Do the right thing. Girl Scouts of America. Transgender.

Would you accept money in the form of a donation if it meant compromising your principles?  Do the right thing is not always an easy concept to follow.
Megan Ferland, the CEO of Girl Scouts of Western Washington (part of the Girl Scouts of America) was put to the test when she was offered a $100,000 donation. This generous donation to the Girl Scouts of Western Washington came with a condition, a condition Megan Ferland wasn’t willing to accept. The donor specifically asked for a guarantee that none of the money be used for transgender girls. If any portion of the donation was to be used for transgender girls, the donation was to be returned. Prejudice rears its ugly head once again.
Ferland promptly returned the money saying “Girl Scouts is for every girl. And every girl should have the opportunity to be a Girl Scout if she wants to.” This wasn’t an easy decision because the Girl Scouts really needed that money. It was to be used to help families who couldn’t afford to pay for Girl Scouts enroll their children. Megan’s belief in the concept, “Do the right thing” was tested. “When life gives you lemons, make lemonade.”
Instead of accepting that the $100,000 was gone, the Girl Scouts used the unfortunate incident as a rallying call and started an Indiegogo fundraiser (#ForEVERYGIRL) in an attempt to recoup some of the lost donation. Wouldn’t you know it, before the end of the first day of fundraising they had surpassed their goal and were close to raising $200,000!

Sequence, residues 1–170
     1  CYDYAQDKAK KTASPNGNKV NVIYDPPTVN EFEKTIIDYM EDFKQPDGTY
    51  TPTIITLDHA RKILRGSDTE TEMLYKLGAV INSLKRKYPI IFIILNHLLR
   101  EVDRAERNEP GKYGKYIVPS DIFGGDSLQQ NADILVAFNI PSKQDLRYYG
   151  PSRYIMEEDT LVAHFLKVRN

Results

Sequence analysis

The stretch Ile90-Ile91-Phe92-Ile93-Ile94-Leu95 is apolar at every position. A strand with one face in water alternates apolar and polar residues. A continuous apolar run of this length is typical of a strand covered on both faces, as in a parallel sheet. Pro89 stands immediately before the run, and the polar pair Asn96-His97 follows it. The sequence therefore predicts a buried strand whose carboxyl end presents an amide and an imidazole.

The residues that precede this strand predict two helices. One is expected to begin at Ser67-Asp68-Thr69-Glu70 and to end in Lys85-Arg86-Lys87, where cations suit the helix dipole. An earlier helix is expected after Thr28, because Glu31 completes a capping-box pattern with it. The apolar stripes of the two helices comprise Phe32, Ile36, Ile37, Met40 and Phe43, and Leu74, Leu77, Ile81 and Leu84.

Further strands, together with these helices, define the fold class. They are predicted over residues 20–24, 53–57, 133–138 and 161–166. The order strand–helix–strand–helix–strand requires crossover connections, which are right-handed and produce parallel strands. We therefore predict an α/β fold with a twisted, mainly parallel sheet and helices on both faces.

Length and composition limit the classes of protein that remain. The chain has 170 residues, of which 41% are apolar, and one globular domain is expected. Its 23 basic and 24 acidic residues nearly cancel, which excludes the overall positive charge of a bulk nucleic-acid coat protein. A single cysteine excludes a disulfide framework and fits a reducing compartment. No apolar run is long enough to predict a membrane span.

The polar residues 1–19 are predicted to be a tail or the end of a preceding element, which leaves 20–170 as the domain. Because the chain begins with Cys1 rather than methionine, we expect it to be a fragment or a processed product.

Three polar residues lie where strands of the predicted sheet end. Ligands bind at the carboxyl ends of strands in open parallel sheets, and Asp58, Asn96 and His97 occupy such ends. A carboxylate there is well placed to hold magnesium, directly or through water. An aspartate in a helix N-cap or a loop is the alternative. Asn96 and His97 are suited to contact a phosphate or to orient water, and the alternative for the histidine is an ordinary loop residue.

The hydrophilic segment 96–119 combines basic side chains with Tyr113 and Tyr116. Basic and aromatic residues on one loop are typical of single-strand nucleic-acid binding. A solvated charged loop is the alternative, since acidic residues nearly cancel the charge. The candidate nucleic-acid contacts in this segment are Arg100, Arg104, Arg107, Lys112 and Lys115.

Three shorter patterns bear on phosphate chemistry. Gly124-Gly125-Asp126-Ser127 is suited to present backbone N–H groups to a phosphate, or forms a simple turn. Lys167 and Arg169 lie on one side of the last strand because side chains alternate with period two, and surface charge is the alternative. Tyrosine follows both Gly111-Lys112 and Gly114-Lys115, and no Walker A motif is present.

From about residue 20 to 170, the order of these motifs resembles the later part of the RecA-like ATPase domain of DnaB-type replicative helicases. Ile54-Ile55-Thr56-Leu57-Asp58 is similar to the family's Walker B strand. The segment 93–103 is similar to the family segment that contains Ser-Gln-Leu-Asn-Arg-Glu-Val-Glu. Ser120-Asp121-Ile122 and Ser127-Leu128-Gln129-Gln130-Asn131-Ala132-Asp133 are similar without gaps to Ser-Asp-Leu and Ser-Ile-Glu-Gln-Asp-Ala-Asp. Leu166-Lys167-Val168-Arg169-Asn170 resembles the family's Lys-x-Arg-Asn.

Yeah Megan. You go girl!!!
How many people sell-out their principles every day in return for money, fame, or a career? I’m not downplaying the need for food, shelter, and security. Believe me, I grew up poor in the South Bronx eating plaster off the walls and having an intimate relationship with powdered eggs and powdered milk. I know what’s it’s like to be in need and feel you have no choice as to where your money comes from. But I also know what it is like to trust the God I say I believe in and take action to help myself out. Megan Ferland did just that. She knew she needed the money, she knew she did not want to compromise her values, so she took an action—went to crowdfunding. It takes courage to do the right thing. But as is the case for the Girl Scouts of Western Washington, doing the right thing and living true to your principles is not always easy, but it usually pays off in the end.
So, how about you? Are you living your life in concert with your convictions and principles, or do you find yourself compromising or simply giving in?
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